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New Customers Save $30 off $100+* with code MARCHNEW30

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Warwick Estate Three Cape Ladies 2005

Other Red Blends from South Africa
  • WE90
0% ABV
  • RP91
  • JS90
  • RP90
  • WE91
  • WS91
  • WS90
  • WS88
  • WS91
  • WS92
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Winemaker Notes

Each component distinctly displays its own qualities. This vintage shows great ripe red and black berry flavors on the nose as well as Mocha flavors. The Pinotage is soft and sweet while the Merlot and Shiraz offers a subtle spiciness. The Cabernet Sauvignon is the backbone of the blend with well balanced, smooth tannins that will do well with cellaring. Full on the palate with good length on the finish. This blend brings the best of Pinotage to the classic French varieties.

Critical Acclaim

All Vintages
WE 90
Wine Enthusiast
The union of Pinotage, Cabernet, Shiraz and Merlot showcases the best of each grape, offering blackberry, spice and mocha on the nose and flavors of ripe red fruit, pepper and cedar on the palate. Pinotage makes a soft and subtle show here, adding fruity heft without the angles. An elegant wine with a lot of personality.
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Warwick Estate

Warwick Estate

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Warwick Estate, South Africa
2005 Three Cape Ladies
Warwick Estate lies in a valley enclosed by the Simonsberg, Kanonkop and Klapmutskop. Originally part of a vast piece of land known as "Good Success", this eighteenth century farm belonged to Colonel Alexander Gordon who renamed his portion in honour of the Warwickshire regiment which he commanded during the Boer War.

Years later in 1964, Stan Ratcliffe bought Warwick, where, with considerable foresight he began planting the precious Cabernet Sauvignon vines, which are still a major part of the production today. These vines produced high quality grapes and became highly sought after by wholesalers and other wineries. However, it took the arrival of Norma Ratcliffe, Stan's beautiful and energetic wife, in 1971 for the family to begin making a few experimental wines from Cabernet Sauvignon. The early results were very encouraging and served to extol the virtues of what is surely some of the best terroir in South Africa.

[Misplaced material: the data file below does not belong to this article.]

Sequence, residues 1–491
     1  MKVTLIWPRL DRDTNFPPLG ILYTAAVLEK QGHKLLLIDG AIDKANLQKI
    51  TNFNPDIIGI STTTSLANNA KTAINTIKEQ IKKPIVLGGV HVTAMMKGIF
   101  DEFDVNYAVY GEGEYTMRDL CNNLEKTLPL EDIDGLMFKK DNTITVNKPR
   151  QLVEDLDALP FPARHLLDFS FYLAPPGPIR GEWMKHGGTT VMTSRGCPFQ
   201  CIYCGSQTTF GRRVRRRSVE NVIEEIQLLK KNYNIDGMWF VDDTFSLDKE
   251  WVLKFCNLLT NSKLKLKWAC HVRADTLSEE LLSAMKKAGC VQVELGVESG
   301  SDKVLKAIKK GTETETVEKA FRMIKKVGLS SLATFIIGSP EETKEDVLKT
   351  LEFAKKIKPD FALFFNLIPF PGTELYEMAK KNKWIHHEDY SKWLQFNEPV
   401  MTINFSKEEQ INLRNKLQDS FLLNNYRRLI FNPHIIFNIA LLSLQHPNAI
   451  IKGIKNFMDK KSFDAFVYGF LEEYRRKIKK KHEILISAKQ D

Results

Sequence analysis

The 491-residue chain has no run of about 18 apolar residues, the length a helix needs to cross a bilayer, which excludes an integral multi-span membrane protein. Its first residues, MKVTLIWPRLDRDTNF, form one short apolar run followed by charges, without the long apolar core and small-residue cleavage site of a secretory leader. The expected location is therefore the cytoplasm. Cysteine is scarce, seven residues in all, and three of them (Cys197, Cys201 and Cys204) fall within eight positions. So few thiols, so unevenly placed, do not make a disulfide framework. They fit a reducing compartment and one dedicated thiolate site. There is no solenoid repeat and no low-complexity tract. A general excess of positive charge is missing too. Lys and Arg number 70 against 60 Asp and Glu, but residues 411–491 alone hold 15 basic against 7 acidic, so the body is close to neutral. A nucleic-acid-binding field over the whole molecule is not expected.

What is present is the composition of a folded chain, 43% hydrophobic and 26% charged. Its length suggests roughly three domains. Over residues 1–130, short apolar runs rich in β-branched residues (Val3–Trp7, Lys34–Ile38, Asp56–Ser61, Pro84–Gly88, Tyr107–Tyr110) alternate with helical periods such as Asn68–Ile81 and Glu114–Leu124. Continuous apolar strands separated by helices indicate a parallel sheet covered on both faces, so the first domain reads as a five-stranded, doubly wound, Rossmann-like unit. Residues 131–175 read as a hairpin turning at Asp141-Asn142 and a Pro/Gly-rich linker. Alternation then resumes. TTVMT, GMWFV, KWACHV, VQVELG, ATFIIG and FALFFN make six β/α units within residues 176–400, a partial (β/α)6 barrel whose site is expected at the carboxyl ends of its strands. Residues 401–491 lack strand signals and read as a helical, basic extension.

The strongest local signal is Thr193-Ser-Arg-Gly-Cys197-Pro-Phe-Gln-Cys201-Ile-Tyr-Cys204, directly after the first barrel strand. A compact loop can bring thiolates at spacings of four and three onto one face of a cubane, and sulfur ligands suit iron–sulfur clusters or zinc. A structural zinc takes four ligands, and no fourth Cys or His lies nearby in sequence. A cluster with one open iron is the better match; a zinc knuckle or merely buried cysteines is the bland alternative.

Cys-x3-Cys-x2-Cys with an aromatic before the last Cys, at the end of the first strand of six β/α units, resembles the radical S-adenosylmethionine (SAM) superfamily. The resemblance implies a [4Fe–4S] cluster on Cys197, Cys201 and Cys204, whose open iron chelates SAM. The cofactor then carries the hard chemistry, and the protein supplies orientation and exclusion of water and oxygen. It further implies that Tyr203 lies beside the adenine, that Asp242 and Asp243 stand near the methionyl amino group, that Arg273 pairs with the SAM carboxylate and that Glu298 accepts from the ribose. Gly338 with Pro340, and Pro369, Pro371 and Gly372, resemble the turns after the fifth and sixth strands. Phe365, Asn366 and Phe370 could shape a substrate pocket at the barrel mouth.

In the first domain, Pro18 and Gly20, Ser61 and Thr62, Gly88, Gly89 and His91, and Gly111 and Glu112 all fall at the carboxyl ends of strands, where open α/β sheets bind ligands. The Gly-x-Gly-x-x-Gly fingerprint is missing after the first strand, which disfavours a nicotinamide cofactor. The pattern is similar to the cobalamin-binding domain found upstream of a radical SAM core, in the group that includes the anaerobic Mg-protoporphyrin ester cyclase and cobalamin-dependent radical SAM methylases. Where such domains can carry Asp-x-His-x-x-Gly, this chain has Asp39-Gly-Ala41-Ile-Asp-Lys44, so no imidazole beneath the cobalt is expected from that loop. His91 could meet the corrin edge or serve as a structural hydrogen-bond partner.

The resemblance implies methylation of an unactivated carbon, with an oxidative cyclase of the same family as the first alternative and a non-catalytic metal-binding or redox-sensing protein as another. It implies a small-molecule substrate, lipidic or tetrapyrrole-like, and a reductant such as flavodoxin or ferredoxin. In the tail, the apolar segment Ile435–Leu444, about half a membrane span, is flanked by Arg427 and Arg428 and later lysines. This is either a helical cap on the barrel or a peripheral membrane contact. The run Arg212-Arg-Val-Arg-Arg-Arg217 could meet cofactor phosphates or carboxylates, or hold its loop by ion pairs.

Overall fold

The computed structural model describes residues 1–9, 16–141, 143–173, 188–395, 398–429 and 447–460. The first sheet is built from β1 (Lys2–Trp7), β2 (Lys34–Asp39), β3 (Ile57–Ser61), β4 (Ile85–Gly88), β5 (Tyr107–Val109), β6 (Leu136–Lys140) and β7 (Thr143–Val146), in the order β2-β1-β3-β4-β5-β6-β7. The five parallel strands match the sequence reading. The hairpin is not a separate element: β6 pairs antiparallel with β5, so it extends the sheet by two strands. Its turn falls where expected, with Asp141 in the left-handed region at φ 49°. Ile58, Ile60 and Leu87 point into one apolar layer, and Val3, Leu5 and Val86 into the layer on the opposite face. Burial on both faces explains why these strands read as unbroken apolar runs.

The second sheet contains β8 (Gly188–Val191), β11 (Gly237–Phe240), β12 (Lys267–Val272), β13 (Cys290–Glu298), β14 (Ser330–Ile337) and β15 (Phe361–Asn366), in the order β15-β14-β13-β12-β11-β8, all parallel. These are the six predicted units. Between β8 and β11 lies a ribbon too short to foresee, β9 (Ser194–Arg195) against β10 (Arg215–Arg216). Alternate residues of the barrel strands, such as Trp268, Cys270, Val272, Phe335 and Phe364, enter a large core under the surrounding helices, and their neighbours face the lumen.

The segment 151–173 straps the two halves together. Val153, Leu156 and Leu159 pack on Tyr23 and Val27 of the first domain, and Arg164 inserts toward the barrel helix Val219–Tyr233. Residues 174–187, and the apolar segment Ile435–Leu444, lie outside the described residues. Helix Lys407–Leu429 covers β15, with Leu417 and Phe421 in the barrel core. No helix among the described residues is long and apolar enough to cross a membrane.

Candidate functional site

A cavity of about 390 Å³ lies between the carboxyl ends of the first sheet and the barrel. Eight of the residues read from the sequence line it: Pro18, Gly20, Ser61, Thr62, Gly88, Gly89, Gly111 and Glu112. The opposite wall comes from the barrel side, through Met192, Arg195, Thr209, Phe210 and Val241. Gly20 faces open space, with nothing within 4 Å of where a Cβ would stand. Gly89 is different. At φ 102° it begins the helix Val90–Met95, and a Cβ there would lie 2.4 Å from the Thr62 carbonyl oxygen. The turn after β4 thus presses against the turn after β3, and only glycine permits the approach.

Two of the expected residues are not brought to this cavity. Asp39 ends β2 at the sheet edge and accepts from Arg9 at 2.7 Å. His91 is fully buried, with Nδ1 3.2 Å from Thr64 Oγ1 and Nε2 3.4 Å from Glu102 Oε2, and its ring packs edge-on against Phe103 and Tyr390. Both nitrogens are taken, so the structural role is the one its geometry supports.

Michael Ratcliffe, Norma's son, has now taken over as proprietor in Stan's retirement and has wasted no time in stamping his personality on the Estate. A host of new innovative techniques, learnt during his postgraduate wine studies in Australia, are being implemented aimed at maximizing the potential of the Warwick terroir. Under Michael's leadership, the Warwick team is striving to take the next step in quality.

South Africa

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The South African wine renaissance is in full swing. Impressive red and white bargains abound. South Africa has a long and rich history considering its status as part of the “New World” of wine. In the mid-17th century, the lusciously sweet dessert wines of Constantia were highly prized by the European aristocracy. Since then, the South African wine industry has experienced some setbacks due to the phylloxera infestation of the late 1800s and political difficulties throughout the following century. Today, however, it is increasingly responsible for high-quality wines that are helping to put the country back on the international wine map. Wine production is mainly situated around Cape Town, where the climate is generally warm to hot, but the Benguela current from Antarctica provides the brisk ocean breezes necessary for steady ripening. Similarly, cooler high-elevation vineyard sites offer climatic diversity.

South Africa’s wine zones are divided into region, then smaller districts and finally wards, but the country’s wine styles are differentiated more by grape variety than by region. Pinotage, a cross between Pinot Noir and Cinsault, is the country’s “signature” grape, responsible for earthy, gamey reds. When Pinotage is blended with other red varieties, like Cabernet Sauvignon, Merlot, Syrah, or Pinot Noir (all commonly vinified alone as well), it is often labeled as a “Cape Blend.” Chenin Blanc (locally known as “Steen”) dominates white wine production, with Chardonnay and Sauvignon Blanc following behind.

Other Red Blends

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With hundreds of red grape varieties to choose from, winemakers have the freedom to create a virtually endless assortment of blended wines. In many European regions, strict laws are in place determining the set of varieties that may be used, but in the New World experimentation is permitted and encouraged. Blending can be utilized to create complex wines with many different layers of flavors and aromas, or to create more balanced wines. For example, a variety that is soft and full-bodied may be combined with one that is lighter with naturally high acidity. Sometimes small amounts of a particular variety are added to boost color or aromatics. Blending can take place before or after fermentation, with the latter, more popular option giving more control to the winemaker over the final qualities of the wine.

EPC15730_2005 Item# 102207